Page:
SteroidsPosted by JADO H on 7/01/04 at 13:33 (154333)
Has anyone taken oral prescription steroids to help in the heeling
of their PT or heel spurs? Thanks.
Re: SteroidsPauline on 7/01/04 at 13:46 (154335)
Most doctors do not RX oral steroids for P.F. It something patients ask for and some doctors may give them a dose pack but from my own experience they don't work. I think your best to save oral steroids for situations where they really work well.
Like the rest of us when we started with P.F. your looking for that magic bullet to make this condition go away quickly. Unfortunately it doesn't happen that way.
If you haven't read Scott's book please do so. It's a wealth of information for you. You'll find patience and rest along with the other conservative treatments your best friends along with time.
I often thought if we could only hang our feet up for about 8 months and still go on with our lives that might really help.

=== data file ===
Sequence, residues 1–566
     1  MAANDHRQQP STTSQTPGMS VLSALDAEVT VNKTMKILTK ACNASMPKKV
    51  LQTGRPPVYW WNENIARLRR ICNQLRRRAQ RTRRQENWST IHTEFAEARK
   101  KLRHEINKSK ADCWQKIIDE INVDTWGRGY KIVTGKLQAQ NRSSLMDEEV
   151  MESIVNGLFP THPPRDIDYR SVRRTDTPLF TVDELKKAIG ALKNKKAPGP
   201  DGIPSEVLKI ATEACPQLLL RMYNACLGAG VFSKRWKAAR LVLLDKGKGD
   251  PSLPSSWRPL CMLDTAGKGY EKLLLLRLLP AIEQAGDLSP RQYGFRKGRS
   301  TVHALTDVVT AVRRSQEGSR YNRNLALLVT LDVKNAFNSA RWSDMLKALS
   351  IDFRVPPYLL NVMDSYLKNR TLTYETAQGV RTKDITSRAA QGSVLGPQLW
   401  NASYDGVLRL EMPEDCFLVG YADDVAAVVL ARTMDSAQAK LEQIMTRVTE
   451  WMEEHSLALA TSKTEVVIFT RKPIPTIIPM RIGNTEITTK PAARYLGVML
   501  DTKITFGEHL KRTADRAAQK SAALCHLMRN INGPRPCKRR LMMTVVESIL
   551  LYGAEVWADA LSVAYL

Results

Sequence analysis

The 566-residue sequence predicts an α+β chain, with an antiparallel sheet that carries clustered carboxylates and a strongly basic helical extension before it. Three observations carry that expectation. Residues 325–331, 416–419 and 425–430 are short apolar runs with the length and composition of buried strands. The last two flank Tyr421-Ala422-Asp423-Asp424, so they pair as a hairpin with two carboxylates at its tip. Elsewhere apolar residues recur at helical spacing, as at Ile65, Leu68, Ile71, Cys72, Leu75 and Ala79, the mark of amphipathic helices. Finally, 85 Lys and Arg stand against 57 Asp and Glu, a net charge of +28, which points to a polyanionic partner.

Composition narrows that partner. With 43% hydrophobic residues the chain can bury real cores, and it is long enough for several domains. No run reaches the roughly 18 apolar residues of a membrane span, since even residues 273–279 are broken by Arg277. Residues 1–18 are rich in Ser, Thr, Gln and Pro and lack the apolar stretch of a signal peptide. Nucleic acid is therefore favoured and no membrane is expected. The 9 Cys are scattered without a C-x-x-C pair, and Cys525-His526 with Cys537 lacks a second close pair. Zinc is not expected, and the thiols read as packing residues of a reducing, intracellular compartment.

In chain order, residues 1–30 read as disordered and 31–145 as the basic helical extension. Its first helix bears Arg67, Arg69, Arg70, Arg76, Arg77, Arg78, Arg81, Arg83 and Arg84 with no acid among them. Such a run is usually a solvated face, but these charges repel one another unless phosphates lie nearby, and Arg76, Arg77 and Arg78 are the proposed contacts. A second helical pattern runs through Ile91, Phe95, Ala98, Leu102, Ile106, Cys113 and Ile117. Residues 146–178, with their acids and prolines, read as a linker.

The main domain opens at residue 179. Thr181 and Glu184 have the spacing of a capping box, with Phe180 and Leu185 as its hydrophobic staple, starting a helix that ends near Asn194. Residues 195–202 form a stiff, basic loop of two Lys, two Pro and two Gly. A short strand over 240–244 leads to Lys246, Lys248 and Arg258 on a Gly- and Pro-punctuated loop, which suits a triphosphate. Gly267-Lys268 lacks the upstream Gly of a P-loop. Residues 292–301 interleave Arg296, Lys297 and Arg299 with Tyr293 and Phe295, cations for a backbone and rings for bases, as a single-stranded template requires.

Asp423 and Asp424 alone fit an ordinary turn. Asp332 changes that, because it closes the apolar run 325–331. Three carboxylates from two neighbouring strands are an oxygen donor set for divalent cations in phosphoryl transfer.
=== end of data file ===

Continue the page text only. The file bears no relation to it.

Re: SteroidsJADO H on 7/01/04 at 14:00 (154336)
Oh, I have been looking for a quick fix for about 9 months now.
Actually - just something to make my feet feel better for awhile would
be nice. Most likely my active lifestyle is creating resistance to recovery. I have read this site frontwards and backwards a few times.
I find it very informative. I have tried many of things on the site.
Orthodics, stretching, cortizone shots - etc. However, I have not tried full rest. I have given up running and step aerobics. I still teach kickboxing and pilates. What hurts the most I think is working in my yard - maybe when winter comes I will be able to rest more. What types of things have you tried - have any of them been helpful? How long have you been fighting this?
So nice to talk to you.
Re: SteroidsPauline on 7/01/04 at 15:40 (154344)
This is my third case of P.F. Third time round it lasted over 3 years then finally went away.